Take the 2-minute tour ×
Stack Overflow is a question and answer site for professional and enthusiast programmers. It's 100% free, no registration required.

I was recently asked to create a program to find best matches in text fragment. I have successfully written this program but I do have a question about its time complexity.

Problem is defined as following.

given a query, find occurrences of the query words in document and highlight the best tokens.

The time that my program takes

O(m + n + p)

here

m = length of the document in characters

n = length of the query in characters

p = number of total matches in the document

In this case the biggest term is always going to be "m" because in most cases documents are going to be larger then the query itself.

Can I safely deduce that time complexity of my program is O(m)?

share|improve this question

1 Answer 1

up vote 1 down vote accepted

No, you can't. According to the Big-O notation your function m is an upper bound on the actual time your algorithm takes to run, if there's a constant M such as the real time will always be less or equals to M*m. Take a case where the document has size zero (an empty document) but someone queries it with a positive number of characters. The upper bound in this case will be 0 (plus a constant), but the actual time the program will take to run might be greater than that. So your program can not be said to be O(m).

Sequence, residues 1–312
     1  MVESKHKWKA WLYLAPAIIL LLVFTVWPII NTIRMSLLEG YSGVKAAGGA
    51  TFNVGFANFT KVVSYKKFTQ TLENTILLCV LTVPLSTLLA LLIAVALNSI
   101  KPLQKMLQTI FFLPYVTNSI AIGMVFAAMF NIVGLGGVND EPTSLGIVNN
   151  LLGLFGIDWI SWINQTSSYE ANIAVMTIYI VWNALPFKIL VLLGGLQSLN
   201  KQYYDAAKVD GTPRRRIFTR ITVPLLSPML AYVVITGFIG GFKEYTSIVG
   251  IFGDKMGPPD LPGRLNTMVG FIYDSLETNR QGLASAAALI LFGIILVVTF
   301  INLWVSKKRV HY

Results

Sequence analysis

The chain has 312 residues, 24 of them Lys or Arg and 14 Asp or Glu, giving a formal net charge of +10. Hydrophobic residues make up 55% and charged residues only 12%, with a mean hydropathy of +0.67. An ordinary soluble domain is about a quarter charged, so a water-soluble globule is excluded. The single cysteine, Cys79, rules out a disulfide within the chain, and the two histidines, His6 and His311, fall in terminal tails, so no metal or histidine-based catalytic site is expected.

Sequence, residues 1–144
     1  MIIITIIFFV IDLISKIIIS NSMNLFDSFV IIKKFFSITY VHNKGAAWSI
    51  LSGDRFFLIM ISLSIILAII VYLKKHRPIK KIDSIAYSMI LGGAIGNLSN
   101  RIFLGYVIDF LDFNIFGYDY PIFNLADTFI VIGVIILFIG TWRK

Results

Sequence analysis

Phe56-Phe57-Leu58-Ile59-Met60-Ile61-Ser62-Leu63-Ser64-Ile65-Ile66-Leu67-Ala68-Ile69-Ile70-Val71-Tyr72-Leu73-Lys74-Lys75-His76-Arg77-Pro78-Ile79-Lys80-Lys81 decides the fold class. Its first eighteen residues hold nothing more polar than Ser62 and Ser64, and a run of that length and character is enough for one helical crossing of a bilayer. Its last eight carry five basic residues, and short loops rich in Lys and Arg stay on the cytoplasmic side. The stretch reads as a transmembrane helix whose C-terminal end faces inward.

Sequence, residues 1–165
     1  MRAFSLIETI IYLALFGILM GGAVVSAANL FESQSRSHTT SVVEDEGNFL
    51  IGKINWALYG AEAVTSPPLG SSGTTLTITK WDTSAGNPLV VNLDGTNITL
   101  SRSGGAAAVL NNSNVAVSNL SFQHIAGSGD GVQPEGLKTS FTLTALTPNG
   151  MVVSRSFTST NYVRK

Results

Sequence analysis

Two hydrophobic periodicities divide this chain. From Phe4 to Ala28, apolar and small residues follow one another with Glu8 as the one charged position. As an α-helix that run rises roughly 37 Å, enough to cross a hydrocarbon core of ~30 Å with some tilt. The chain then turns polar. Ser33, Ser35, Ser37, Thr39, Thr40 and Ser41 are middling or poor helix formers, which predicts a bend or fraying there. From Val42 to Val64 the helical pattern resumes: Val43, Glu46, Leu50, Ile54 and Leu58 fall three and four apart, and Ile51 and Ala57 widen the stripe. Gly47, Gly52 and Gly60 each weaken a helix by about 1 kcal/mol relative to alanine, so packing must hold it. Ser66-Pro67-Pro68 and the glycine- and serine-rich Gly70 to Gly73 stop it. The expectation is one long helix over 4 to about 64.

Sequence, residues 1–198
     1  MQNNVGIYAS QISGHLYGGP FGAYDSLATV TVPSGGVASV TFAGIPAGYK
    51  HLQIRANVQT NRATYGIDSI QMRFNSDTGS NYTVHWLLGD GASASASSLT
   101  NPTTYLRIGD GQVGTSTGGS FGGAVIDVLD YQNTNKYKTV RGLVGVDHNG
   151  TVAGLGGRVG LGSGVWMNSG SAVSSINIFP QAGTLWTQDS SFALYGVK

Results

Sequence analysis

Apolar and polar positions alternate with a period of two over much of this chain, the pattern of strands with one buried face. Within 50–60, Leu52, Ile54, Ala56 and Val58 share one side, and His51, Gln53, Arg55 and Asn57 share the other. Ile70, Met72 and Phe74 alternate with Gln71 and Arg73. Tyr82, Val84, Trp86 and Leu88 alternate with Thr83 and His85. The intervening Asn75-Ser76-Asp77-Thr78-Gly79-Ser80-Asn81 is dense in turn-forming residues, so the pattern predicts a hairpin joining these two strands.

In other words, "most cases" isn't enough: you must prove that your algorithm will perform within that upper bound in all cases.

Update: The same can be said for p: common sense says p is always smaller than m, but that's only true if the search terms don't overlap. Take for instance the document aaaaaa (m=6) and the search terms a, aa and aaa (n=3). In this case, there are 6 occurences of a, 5 of aa and 4 of aaa, so p = 15. Even though it's a very unlikely scenario (same for the empty document) it's still required that you take p into account in your complexity analysis. So your program must really be described as O(m + n + p) as you originally stated.

share|improve this answer
    
Thanks a lot this is very helpful –  Sap Jun 6 '12 at 23:47
    
@Grrrrr something was bugging me about my first answer but it took a while to realize what it was. Turns out what I said about p was wrong, see my updated answer. –  mgibsonbr Jun 7 '12 at 0:41

Your Answer

 
discard

By posting your answer, you agree to the privacy policy and terms of service.

Not the answer you're looking for? Browse other questions tagged or ask your own question.